- A three-judge U.S. Court of Appeals panel upheld EPA-imposed limits on coal-fired power plant emissions. The District of Columbia circuit decision requires plant technology to reduce mercury by 91%.
- The standards were challenged by fossil fuel industry trade groups and conservative state governors. They claimed the rules exceed the EPA’s authority, could cost $9.6 billion per year and risk 16,000 jobs.
- The EPA responded that the limits will save $100 billion per year in health and environmental costs. They will prevent 11,000 premature deaths, about 5,000 heart attacks and 130,000 asthma attacks per year, according to the American Lung Association.
- Congress imposed the 1990 Clean Air Act to control health harms without concern for cost impacts, Judge Judith W. Rogers wrote in the opinion. Judge Brett M. Kavanaugh concurred on many points but noted it was unreasonable for EPA to completely exclude consideration of costs.
This case was provoked by increased enforcement of Clean Air Act regulations and expansion of EPA authority during the Obama administration, part of its climate change fight. The EPA standards are a driving force behind the utility industry’s increasingly rapid shift to natural gas and renewables.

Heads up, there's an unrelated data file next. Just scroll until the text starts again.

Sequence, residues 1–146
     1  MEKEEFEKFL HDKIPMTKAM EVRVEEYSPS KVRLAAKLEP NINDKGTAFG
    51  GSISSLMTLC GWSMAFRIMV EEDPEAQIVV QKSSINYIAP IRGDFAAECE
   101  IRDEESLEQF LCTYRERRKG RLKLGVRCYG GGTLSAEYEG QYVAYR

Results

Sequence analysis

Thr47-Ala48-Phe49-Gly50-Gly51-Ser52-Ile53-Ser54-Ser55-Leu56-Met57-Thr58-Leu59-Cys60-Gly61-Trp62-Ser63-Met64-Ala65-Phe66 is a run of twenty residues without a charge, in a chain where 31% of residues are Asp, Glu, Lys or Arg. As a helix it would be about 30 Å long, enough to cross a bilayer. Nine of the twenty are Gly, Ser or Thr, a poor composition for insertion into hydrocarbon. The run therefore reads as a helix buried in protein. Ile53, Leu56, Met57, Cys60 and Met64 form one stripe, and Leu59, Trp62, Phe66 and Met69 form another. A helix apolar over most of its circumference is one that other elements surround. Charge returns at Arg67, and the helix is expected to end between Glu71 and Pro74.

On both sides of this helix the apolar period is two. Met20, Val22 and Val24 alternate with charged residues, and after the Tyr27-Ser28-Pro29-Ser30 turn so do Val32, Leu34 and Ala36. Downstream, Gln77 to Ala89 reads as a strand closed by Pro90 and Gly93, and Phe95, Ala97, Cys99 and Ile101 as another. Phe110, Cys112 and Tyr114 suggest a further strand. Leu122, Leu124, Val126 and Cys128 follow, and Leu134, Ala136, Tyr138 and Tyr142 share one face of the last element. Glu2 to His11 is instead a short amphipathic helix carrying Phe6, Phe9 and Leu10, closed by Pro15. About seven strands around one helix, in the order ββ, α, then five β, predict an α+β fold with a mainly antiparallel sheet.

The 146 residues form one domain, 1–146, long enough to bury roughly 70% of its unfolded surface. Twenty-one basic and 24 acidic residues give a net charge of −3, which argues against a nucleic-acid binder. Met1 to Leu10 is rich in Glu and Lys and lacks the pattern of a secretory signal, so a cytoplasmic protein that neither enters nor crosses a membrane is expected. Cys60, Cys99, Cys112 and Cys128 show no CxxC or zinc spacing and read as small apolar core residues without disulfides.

The decision will drive the shuttering of some 60,000 megawatts of coal-fired electricity capacity at a cost of well over $100 billion, according to National Mining Association President Hal Quinn.
Coal plants account for almost half of mercury emissions, 70% of SO2 emissions, and 20% of NO2 emissions. Mercury is linked to cancer in adults and neurological disorders in young children, according to studies.